The launch of the 4th Gen Epyc Genoa family, coupled with the delayed release of Intel’s 4th Gen Xeon Sapphire Rapids lineup, has put the latter in a precarious position. Team Red has the lead in lightly as well as heavily threaded workloads. The Zen 4 cores on Genoa clock much higher than the Golden Cove cores powering Sapphire Rapids. This nullifies the latter’s IPC advantage, stacking well with the higher compute density of the former. () Even though Sapphire leverages a tiled/chiplet design, AMD’s latest Epyc chips offer over 50% more cores at much lower price points ($11,805 vs. $17,000 for the flagships).
Tests conducted by Phoronix show that the Genoa flagship is an impressive 20% faster than its Intel rival, even with AVX-512 enabled. In the past, this has been one area where Team Blue has always triumphed. The Epyc 9654 (96 cores, 3.7GHz SC boost) registers an average score of 56.34, while the Xeon 8490H (60 cores, 3.5GHz SC boost) manages only 47.19 points.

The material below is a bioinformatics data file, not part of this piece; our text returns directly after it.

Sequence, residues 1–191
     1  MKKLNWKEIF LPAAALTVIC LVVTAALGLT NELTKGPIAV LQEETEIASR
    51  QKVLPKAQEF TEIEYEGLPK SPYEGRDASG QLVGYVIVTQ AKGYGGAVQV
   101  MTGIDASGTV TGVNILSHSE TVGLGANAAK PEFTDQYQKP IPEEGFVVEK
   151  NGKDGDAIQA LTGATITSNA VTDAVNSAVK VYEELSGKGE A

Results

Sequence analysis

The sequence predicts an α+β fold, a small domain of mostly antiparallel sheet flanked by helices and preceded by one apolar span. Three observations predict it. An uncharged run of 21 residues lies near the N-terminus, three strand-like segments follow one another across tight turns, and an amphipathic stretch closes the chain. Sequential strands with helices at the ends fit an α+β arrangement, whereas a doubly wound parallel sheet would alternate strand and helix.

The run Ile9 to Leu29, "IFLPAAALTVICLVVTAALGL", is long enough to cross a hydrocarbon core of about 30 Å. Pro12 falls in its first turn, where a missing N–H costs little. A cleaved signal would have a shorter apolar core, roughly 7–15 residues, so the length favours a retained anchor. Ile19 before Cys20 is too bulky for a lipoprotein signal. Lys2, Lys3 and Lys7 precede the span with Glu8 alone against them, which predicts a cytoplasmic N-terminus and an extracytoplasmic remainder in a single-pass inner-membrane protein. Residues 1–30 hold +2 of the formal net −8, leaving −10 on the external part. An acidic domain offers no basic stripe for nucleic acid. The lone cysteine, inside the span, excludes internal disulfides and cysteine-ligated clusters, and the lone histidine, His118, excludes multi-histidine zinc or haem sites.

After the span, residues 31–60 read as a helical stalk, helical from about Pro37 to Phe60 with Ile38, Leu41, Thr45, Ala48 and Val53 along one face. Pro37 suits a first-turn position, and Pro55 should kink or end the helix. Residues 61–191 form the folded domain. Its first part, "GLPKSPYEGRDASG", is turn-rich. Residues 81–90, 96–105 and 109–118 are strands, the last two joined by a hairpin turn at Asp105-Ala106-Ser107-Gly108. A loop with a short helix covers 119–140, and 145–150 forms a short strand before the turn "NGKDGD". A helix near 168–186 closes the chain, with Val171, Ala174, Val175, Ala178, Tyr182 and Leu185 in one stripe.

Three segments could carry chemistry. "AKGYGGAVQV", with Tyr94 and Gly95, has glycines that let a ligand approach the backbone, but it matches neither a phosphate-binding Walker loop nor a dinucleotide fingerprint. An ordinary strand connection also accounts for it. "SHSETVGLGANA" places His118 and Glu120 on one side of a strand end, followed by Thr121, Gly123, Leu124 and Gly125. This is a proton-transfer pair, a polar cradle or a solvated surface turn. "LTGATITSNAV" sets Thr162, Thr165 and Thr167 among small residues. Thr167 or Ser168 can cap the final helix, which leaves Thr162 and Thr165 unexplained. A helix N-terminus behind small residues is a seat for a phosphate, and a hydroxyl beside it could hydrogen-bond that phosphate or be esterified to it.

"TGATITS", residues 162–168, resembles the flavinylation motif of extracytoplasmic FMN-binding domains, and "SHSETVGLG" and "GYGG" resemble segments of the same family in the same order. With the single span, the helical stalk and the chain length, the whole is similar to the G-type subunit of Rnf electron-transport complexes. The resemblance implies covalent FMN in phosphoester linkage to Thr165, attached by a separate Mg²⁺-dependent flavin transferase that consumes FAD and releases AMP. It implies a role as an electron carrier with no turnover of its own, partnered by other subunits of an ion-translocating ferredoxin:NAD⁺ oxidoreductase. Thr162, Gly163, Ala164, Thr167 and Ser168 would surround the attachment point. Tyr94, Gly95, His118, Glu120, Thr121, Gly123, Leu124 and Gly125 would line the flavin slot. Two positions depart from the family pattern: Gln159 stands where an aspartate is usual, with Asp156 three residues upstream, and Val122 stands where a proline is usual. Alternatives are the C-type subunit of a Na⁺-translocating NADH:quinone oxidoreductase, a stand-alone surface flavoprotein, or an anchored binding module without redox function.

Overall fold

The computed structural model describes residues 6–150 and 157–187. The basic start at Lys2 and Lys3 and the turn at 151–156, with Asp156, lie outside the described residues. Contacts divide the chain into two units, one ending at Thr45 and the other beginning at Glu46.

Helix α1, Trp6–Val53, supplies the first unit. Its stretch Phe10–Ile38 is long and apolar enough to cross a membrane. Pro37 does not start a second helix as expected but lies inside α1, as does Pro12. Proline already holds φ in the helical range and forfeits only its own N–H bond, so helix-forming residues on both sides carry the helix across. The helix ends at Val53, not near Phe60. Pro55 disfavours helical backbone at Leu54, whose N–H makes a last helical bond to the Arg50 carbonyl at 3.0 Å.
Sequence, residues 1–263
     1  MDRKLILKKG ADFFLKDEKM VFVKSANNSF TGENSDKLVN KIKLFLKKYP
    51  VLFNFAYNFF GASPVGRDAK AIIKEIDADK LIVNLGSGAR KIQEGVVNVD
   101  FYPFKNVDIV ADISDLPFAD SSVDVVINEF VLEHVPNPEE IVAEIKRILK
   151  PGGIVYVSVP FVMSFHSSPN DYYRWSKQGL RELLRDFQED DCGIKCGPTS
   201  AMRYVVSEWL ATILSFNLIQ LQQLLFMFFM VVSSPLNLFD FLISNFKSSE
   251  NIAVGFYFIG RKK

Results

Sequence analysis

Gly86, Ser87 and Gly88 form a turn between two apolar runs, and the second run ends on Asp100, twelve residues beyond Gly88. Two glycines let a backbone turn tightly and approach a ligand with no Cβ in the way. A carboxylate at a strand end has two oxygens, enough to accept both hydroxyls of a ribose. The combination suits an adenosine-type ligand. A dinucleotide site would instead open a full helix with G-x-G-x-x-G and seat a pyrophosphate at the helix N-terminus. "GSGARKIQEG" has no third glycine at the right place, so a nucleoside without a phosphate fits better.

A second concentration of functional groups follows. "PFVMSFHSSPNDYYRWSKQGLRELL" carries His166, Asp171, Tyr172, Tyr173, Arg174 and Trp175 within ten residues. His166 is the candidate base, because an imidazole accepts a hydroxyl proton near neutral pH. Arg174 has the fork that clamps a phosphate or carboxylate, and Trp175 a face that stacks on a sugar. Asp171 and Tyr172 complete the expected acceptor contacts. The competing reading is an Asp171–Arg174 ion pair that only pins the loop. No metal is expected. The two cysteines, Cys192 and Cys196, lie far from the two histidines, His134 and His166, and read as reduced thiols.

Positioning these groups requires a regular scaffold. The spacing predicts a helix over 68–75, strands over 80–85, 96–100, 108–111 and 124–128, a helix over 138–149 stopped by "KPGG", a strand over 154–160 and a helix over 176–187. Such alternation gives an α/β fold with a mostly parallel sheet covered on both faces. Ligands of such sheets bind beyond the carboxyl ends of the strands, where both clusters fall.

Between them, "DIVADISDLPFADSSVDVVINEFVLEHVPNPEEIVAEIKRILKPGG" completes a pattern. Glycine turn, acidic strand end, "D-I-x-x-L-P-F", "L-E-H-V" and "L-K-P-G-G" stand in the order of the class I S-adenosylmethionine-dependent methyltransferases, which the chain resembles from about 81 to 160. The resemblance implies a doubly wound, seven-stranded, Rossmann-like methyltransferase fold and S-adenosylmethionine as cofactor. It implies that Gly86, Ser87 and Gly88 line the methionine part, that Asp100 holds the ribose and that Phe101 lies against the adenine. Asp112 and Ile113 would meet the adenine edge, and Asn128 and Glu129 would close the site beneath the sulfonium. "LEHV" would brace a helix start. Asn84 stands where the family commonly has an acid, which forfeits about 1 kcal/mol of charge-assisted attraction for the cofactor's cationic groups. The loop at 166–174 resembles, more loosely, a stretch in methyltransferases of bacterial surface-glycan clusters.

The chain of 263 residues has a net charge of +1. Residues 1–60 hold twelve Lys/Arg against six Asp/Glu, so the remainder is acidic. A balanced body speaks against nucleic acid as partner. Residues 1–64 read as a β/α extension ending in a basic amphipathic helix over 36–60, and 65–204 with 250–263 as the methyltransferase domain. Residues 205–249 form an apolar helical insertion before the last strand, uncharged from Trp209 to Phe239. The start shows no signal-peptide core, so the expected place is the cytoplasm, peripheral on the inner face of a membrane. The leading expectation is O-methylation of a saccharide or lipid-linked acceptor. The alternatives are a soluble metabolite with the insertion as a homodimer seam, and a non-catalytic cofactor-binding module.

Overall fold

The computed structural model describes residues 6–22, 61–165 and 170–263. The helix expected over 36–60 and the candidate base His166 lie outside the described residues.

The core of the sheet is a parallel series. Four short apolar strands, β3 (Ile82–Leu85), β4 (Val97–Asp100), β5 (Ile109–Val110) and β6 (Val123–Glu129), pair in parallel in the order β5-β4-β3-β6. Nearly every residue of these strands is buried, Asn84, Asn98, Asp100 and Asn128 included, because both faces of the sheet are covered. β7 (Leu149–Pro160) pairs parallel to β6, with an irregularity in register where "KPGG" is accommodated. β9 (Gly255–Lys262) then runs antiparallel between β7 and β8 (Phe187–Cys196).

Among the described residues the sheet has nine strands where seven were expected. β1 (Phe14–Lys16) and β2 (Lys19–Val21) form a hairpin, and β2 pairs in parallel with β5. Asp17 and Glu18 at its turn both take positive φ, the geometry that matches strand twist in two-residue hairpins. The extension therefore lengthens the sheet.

With AVX-512, power and clock scaling has always been pressing matters. Genoa and Sapphire Rapids handle this problem well, facing little to no drop in the operating frequency and roughly the same power consumption. This is a notable improvement from Ice Lake, where both power and frequency took a hit upon enabling AVX-512.
For AMD’s 4th Gen Genoa family, this is fabulous news. The chipmaker has its rival cornered on almost every front. Team Red may be slacking off on the consumer side, but every possible angle is covered in the data center business.